How do you really generate sales? Some companies are lucky enough to ride the wave of an emerging technology, others are just lucky, the rest have to actually work at it. We’ll assume that you have something that others really want, have identified who those people are and then differentiated your offering from competitors. We’ll also assume that you have someone to sell your offering (even if it’s just you). Next, you might consider allocating a marketing budget of 2-4% of your gross revenue. Now comes the part that will define your sales success or failure. In order to get that 2-4% of gross revenue to actually work, you’ll need to align that marketing spend with your sales process. That means documenting how your sales team sells and weave in marketing tactics that are in lock step with that process.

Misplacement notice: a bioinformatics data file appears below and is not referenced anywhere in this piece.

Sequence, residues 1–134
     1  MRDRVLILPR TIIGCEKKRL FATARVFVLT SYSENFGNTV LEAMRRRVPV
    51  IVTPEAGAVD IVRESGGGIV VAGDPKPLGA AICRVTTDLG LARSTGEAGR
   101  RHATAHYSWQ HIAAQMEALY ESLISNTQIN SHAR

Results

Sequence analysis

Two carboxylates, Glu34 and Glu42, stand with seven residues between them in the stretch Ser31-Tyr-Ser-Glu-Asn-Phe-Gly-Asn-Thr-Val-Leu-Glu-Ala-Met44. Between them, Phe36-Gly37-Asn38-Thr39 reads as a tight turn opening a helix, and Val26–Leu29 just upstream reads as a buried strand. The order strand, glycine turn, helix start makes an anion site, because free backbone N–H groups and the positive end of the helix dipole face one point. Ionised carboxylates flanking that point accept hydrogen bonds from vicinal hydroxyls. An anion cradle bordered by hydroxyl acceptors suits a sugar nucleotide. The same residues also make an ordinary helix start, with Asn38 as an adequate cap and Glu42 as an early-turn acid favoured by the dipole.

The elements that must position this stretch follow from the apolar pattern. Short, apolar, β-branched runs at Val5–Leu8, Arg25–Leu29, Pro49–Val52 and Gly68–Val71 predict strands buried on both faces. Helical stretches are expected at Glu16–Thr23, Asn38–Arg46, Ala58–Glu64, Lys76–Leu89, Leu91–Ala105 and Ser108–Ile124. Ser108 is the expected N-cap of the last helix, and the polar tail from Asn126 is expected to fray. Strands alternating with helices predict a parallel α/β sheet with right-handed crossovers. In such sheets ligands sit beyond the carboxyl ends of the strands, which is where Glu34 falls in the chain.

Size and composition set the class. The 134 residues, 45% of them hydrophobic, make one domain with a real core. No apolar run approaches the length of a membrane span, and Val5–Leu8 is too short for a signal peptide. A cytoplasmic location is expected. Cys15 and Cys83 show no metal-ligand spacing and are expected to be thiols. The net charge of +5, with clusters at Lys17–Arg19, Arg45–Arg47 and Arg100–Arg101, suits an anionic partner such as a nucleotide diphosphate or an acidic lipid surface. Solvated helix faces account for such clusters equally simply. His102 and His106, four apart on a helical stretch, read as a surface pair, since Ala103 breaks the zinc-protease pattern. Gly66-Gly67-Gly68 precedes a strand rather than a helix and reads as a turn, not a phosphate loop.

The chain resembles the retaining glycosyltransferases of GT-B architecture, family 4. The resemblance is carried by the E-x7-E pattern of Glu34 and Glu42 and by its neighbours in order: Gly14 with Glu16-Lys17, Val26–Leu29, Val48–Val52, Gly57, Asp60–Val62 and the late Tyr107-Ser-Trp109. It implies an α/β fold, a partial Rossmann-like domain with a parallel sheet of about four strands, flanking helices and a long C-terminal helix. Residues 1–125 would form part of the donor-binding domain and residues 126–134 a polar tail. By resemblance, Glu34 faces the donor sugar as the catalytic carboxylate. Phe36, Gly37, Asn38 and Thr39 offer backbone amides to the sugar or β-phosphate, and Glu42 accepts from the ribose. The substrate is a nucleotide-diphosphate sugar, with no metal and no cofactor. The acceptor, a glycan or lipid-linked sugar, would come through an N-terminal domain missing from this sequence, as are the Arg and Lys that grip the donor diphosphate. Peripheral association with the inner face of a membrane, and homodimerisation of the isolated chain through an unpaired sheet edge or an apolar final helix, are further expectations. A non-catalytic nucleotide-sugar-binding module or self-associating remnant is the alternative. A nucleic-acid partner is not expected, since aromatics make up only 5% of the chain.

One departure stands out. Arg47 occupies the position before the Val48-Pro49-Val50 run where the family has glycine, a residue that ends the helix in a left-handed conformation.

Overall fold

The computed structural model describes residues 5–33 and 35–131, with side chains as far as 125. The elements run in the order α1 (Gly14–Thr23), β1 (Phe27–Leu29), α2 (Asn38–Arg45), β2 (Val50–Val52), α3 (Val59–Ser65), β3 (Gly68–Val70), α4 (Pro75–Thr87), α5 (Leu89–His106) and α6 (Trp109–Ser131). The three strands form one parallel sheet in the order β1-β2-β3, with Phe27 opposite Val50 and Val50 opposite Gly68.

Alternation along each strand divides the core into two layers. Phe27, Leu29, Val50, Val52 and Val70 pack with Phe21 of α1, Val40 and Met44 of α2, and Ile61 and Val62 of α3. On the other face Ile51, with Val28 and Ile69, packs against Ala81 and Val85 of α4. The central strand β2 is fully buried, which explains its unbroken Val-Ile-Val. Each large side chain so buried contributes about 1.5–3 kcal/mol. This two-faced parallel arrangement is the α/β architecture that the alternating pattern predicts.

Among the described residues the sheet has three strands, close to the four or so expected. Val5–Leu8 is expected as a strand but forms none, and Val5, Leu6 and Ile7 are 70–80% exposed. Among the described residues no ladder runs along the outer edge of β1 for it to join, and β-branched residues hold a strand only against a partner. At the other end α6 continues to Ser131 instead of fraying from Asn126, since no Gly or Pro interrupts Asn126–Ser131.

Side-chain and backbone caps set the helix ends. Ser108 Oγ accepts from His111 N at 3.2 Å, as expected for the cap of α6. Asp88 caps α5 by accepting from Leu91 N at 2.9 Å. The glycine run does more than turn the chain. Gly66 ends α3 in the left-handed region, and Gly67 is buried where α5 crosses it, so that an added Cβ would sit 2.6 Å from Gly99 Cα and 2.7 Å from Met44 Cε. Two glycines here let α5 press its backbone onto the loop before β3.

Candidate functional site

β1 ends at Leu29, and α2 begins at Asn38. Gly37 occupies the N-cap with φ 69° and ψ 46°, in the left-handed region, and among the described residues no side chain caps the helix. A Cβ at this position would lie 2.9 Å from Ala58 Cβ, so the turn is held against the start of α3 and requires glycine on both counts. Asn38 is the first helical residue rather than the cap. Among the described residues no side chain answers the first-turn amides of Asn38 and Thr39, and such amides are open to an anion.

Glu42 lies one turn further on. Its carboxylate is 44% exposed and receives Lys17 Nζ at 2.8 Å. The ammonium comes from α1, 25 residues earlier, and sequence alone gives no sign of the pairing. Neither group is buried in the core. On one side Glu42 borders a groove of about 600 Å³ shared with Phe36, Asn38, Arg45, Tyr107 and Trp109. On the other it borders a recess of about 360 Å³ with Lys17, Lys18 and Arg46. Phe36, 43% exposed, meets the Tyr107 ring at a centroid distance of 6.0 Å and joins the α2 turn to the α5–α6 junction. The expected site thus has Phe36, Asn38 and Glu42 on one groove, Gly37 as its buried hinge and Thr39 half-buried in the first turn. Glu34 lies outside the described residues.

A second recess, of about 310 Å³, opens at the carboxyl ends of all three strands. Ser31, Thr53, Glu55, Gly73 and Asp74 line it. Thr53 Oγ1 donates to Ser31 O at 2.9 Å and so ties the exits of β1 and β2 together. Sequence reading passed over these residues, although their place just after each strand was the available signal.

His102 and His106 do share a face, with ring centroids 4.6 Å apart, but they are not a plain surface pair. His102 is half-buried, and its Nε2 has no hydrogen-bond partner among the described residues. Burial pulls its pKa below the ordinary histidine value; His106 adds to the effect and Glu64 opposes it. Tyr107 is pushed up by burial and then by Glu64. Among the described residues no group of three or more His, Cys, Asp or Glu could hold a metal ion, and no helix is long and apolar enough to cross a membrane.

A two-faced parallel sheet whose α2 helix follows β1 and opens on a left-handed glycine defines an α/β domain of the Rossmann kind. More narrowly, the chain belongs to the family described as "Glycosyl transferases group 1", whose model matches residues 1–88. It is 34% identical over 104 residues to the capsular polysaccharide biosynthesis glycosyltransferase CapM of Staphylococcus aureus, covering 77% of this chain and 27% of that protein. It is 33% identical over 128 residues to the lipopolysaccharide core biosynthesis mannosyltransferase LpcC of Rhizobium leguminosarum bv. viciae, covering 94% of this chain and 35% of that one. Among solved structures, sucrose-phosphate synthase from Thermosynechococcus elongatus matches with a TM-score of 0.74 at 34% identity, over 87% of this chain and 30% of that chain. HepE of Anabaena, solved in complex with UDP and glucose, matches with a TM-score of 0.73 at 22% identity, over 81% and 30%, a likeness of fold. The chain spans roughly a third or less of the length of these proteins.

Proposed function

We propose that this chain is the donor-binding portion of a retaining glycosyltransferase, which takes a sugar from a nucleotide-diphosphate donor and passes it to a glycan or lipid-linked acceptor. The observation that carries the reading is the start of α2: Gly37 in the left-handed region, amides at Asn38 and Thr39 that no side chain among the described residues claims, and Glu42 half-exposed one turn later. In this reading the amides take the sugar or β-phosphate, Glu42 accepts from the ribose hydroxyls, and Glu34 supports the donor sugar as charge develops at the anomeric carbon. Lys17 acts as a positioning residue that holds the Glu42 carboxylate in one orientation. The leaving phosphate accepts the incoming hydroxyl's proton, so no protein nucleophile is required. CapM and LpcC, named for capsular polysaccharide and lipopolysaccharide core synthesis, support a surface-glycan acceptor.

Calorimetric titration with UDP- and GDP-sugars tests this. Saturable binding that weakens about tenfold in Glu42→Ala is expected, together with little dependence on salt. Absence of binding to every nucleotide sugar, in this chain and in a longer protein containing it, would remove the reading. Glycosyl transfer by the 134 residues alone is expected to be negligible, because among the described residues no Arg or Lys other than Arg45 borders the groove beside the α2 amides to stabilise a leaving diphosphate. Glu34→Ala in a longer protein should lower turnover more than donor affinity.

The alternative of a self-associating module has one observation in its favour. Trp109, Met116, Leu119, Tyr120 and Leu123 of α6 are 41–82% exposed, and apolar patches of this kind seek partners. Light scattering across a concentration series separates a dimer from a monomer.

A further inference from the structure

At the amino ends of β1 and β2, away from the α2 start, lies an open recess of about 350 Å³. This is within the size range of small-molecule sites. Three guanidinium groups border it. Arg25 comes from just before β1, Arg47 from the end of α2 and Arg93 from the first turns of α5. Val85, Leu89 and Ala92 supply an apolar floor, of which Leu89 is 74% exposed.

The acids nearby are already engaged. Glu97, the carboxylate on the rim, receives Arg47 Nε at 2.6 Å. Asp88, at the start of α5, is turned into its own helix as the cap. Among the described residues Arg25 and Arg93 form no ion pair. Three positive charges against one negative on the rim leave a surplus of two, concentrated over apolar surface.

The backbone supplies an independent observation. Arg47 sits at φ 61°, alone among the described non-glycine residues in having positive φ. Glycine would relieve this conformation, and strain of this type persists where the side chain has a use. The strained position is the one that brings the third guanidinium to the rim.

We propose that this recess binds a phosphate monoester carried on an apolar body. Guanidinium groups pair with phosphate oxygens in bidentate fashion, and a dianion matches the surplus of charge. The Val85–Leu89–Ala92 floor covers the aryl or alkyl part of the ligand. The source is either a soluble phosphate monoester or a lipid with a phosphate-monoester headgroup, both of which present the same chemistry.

Don’t have a sales process? There are many good ASP (on demand) and server-based options out there, but you’ll need to choose one (Landslide.com or Salesforce.com). Next, find out how often your sales people contact a prospect? How do they do so? Letters, phone calls, direct mail, email, newsletters, etc. How are those timed with relation to a projected close date? Herein lies the secret. It’s the synchronization of sales and marketing that makes it all work. When they are synchronized, they work harder than each on their own. At the end of the day, marketing and sales need to dance together. Just like peanut butter and chocolate. After all, marketing and sales are “Two great tastes that taste great together.”
By Mike Kolbrener
Back in October of 2007, John Quelch of WPP and professor since 1979 at the Harvard Business School, shared his insight with Laura Mazur and Louella Miles regarding the power of “branding an ingredient” as a key to better marketing a larger or more complex product or service. “When is the provider of the final product or service willing to compromise its own brand-building to add the ingredient brand on the package as well as in advertising? There are four conditions: